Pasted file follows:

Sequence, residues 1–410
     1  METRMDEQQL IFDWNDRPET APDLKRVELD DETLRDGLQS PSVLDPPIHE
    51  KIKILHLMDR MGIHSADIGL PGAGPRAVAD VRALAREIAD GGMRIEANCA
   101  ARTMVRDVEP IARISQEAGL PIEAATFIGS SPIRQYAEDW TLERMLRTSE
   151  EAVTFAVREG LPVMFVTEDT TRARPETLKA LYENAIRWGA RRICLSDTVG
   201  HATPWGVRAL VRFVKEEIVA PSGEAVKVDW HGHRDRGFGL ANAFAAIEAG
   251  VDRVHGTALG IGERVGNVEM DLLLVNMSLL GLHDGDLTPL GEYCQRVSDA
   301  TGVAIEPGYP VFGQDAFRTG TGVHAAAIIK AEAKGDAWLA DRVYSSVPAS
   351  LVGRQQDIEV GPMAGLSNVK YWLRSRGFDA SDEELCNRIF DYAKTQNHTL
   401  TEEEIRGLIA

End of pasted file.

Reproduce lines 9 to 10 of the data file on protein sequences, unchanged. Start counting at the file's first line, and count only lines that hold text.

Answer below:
   351  LVGRQQDIEV GPMAGLSNVK YWLRSRGFDA SDEELCNRIF DYAKTQNHTL
   401  TEEEIRGLIA